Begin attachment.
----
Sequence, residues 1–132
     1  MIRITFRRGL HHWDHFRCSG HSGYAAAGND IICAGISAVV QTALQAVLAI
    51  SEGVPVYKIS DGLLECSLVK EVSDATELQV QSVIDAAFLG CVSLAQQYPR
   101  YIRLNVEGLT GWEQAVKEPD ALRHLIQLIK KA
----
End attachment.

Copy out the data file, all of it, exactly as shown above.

Sequence, residues 1–132
     1  MIRITFRRGL HHWDHFRCSG HSGYAAAGND IICAGISAVV QTALQAVLAI
    51  SEGVPVYKIS DGLLECSLVK EVSDATELQV QSVIDAAFLG CVSLAQQYPR
   101  YIRLNVEGLT GWEQAVKEPD ALRHLIQLIK KA